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DHL joins e-waste recycling effort

DHL joins e-waste recycling effort

Workers at TES-AMM, a recycling solutions provider, depositing circuit boards removed from electrical appliances onto a conveyor belt before they get crushed into smaller pieces. PHOTO: DON WONG

SINGAPORE — DHL Express has come on board to join local telco StarHub and electronic waste (e-waste) recycler TES-AMM’s recycling programme.

The partnership will more than triple the number of e-waste bin locations from the current 30 to 100 by the end of this year.

Renamed REcycling Nation’s Electronic Waste (RENEW), the programme aims to broaden its reach across the island to enable the public to be better able to safely dispose of their unwanted electronic items and equipment, such as mobile phones, cable modems and laptops, at no cost.

At the signing of the Memorandum of Understanding yesterday, representatives from the three organisations said more needs to be done to raise public awareness of the repercussions of improper e-waste disposal, as toxic substances in such products can lead to serious pollution and health problems.

“I don’t think that, we, as a community, really understand what happens to e-waste,” said Mr Scott Mac Meekin, chief operating officer of TES-AMM. “I have this cellphone that I use all day long, but the minute I deem it to be unusable, it’s thermal nuclear waste — the most toxic thing in the world.”

Speaking at the event, Environment and Water Resources Minister Vivian Balakrishnan said in spite of the harm e-waste causes to the environment, it is actually a viable resource for urban mining.

“If you stop to think about it, it is crazy to mine gold, silver and precious metals and then to dump it, instead of extracting, purifying and reusing it. This is basically a business idea whose time perhaps has not yet come, but it will come eventually.”

Singapore produces about 60,000 tonnes of e-waste annually. The National Environment Agency told TODAY that on average, less than 5 per cent of that is improperly disposed and this is due to other avenues, such as e-waste take-back programmes and collection centres, which assist in recycling the waste.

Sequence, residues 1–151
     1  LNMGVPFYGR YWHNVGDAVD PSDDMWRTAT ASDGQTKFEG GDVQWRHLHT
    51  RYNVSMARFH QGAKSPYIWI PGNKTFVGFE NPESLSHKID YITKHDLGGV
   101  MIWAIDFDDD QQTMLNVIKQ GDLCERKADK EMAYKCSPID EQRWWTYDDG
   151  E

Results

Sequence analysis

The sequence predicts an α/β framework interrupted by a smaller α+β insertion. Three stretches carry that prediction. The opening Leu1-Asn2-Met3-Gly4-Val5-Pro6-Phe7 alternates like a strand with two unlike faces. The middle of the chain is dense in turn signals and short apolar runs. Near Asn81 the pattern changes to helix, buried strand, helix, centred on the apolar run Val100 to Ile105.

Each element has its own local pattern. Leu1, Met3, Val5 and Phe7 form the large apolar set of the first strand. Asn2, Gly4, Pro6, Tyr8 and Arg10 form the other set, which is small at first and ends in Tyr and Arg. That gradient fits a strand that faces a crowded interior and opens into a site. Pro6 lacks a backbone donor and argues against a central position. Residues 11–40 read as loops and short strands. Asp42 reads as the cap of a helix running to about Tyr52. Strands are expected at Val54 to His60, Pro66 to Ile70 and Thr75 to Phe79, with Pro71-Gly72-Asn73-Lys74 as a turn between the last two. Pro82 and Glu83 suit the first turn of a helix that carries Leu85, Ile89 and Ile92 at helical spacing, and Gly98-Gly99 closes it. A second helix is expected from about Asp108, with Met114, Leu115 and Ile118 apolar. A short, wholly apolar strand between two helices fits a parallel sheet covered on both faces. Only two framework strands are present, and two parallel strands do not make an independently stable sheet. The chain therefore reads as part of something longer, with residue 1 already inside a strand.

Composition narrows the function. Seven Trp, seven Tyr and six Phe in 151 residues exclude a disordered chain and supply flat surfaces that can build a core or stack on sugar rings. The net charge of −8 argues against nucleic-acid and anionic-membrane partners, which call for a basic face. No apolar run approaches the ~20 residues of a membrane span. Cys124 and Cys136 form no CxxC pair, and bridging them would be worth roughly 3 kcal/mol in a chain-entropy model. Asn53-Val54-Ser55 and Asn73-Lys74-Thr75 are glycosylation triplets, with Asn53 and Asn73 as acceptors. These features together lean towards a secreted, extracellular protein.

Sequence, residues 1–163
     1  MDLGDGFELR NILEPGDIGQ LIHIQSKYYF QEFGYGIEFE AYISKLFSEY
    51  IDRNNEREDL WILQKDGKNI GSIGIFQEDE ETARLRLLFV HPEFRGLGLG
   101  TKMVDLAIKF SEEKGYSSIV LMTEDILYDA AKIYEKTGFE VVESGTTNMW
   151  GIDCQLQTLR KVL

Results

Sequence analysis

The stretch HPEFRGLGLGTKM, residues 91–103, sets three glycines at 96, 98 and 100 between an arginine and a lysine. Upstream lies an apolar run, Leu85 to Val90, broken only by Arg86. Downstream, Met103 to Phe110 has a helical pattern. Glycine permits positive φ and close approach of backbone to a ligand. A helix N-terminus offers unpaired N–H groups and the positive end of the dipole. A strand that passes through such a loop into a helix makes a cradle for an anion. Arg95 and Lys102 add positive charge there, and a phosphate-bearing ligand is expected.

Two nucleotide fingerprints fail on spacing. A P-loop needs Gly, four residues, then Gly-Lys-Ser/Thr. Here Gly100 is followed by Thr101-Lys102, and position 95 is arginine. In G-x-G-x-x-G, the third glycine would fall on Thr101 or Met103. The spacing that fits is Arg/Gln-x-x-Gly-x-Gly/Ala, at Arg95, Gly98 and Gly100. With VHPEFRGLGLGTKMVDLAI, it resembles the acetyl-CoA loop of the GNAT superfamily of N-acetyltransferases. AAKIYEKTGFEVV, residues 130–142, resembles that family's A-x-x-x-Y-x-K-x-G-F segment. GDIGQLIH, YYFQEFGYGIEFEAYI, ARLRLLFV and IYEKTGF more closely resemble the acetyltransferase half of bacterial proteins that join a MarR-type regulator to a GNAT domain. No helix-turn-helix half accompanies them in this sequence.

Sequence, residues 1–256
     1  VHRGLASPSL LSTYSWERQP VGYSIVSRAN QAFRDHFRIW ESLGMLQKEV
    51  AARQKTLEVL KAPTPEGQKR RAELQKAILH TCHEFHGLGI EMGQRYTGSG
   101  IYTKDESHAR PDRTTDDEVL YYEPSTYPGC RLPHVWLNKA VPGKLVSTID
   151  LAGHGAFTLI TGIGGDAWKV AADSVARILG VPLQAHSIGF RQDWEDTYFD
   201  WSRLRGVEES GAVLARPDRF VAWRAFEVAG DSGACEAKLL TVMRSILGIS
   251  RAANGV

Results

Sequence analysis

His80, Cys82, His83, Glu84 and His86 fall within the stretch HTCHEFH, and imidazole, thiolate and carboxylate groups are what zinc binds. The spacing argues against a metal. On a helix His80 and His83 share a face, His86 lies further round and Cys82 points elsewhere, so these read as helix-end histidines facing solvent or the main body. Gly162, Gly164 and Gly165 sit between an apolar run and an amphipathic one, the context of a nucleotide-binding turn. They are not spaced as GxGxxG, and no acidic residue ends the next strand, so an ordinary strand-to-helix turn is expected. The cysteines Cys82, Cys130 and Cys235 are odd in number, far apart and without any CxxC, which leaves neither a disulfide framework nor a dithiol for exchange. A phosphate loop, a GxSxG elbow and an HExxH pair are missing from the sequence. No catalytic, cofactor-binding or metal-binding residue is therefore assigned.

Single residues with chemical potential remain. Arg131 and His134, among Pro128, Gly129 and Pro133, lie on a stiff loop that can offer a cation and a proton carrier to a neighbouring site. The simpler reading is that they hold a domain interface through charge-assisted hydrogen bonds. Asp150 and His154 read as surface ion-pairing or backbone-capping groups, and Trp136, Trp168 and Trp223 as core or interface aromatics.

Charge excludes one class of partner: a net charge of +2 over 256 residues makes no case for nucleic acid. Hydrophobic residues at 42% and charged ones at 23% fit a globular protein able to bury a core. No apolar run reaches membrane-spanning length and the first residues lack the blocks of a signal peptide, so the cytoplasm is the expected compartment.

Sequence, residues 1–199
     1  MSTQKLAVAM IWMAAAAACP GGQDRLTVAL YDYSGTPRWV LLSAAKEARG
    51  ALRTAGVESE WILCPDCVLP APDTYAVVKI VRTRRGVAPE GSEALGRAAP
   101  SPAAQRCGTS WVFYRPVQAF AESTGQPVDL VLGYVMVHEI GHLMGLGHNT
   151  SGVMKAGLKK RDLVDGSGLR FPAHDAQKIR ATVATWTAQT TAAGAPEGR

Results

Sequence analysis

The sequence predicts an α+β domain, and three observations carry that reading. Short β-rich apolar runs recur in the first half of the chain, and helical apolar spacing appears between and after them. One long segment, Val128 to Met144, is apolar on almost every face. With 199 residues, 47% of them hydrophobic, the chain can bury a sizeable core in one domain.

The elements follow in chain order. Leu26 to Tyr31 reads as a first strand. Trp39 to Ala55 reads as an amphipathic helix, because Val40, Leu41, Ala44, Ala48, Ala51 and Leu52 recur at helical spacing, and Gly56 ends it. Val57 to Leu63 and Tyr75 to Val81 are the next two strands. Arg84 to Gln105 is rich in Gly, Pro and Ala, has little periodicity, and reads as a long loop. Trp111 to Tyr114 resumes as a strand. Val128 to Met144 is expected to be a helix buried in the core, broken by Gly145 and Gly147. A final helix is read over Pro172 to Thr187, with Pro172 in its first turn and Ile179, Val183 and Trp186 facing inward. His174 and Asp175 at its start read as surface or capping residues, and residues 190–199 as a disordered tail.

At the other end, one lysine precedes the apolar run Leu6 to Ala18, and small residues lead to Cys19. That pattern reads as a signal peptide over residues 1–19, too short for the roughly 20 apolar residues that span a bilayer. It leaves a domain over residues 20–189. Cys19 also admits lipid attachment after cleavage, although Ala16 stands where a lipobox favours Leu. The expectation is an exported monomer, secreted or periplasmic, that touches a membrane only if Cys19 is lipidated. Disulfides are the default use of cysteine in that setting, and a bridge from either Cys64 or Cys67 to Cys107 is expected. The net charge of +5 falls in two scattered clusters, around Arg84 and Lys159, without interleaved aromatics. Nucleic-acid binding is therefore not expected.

Previously known as the StarHub E-Waste Recycling Programme, the initiative, which was launched during Earth Hour in 2012 with only five e-waste bins for a start, collected nearly 2,700kg in its first year alone. A subsequent expansion to 30 bin locations saw the collections rise in volume, and over 5,600kg of e-waste have been collected so far this year.

Ms Tanujja Dadlani, a student from Temasek Polytechnic whom TODAY spoke to, was excited about the expansion of the e-waste programme.

Citing the rag-and-bone man as the only avenue for her to recycle electronic products, the 19-year-old makes an effort to recycle whenever she can.

“Loads of people I know collect their electronics for the (rag-and-bone man), because they do not know what to do with it,” said Ms Tanujja. “The fact that there will be at least 100 bins all over the island would make recycling of the electronic (products) much easier as I can now do it myself instead of dumping or selling it.”

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